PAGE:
In the past, I have written about the importance of consistency in delivering a great service experience. In my opinion, you will likely win at the service game if you deliver good, no great, customer service consistently (rather than having it great one time, average the next, and not-so-good the next time). I want to highlight a critical component of delivering consistently great customer service which is not taking loyal customers for granted.
Almost every day we read about another merger or acquisition. For example, Bunzl, a London-based logistics and distribution company, made 22 acquisitions just last year, and AB InBev is moving closer to joining with SAB Miller. Yet, a recent Gallup organization study caused me to consider the limits of a growth strategy designed by acquisitions versus one based on organic expansion.
I recently had the opportunity to visit one of our client’s service and sales location. I particularly wanted to meet the team at this agricultural equipment dealer because of their sound performance on our survey program. After spending several hours there, I came away with several observations.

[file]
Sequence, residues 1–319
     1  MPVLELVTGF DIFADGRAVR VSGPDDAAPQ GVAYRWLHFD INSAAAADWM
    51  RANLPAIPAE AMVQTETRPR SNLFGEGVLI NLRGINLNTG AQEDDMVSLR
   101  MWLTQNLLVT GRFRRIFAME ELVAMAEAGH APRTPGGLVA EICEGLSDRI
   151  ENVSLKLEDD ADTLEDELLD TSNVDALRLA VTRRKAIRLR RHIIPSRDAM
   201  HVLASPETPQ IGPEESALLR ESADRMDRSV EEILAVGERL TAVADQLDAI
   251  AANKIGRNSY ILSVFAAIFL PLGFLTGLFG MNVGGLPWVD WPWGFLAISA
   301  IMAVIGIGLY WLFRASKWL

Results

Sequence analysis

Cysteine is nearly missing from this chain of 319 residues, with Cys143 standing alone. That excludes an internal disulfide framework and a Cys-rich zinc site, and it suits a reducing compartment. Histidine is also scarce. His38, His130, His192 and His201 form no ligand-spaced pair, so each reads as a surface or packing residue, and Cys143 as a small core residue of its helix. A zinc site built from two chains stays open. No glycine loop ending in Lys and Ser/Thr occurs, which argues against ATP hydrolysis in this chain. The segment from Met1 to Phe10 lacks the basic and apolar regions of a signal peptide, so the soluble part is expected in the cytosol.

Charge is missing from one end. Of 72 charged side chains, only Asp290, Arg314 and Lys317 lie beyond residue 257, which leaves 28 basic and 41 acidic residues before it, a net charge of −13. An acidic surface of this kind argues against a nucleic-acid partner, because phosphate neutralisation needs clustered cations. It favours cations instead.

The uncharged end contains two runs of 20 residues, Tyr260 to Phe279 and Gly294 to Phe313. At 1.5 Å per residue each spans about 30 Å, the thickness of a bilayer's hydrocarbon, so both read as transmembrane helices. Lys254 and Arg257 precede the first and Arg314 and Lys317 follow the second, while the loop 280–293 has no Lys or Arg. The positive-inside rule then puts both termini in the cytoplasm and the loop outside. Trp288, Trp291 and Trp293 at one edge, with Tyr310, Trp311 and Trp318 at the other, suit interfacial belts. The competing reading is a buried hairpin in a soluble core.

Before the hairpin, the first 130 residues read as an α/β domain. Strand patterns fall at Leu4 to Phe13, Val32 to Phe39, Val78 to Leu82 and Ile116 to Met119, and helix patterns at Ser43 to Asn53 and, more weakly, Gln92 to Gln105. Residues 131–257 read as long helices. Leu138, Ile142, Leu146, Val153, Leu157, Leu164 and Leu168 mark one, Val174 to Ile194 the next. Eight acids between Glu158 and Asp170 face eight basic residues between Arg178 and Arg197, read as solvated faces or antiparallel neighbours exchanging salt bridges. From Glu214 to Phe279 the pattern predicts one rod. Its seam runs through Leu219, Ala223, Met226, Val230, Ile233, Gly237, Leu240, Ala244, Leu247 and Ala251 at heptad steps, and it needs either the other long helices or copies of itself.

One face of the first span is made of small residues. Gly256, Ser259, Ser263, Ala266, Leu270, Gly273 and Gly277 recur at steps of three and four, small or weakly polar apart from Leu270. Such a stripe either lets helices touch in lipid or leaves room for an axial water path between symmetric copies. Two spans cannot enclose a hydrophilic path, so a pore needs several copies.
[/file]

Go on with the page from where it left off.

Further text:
First, they have designed their processes to actually serve customers. Second, employees appeared quite engaged in what they were doing. Lastly, there was a palpable sense of pride in what they were doing. The visit provided many insights into how to deliver excellent customer service.
In many business-to-business markets, value-added distributors are used to get products to the end-user. Well-known companies such as Grainger, Fastenal, and Ferguson Supply are examples of distributors that offer a broad range of products to a wide variety of industries. Such companies are typically non- or low-valued added distributors. They stock inventory from a variety of suppliers, market it to the end customer and typically provide product delivery.
When a customer gives you the highest possible scores on satisfaction and loyalty, it’s understandable that you may feel compelled to declare victory and shift your attention to the next relationship. Time to break out the champagne! Unfortunately, you may want to wait before popping the cork. We find that in a surprising number of the surveys we perform, highest-score customers also offer negative feedback in their open-ended comments. So, while you may have scored a 10-out-of-10, your work is not yet done.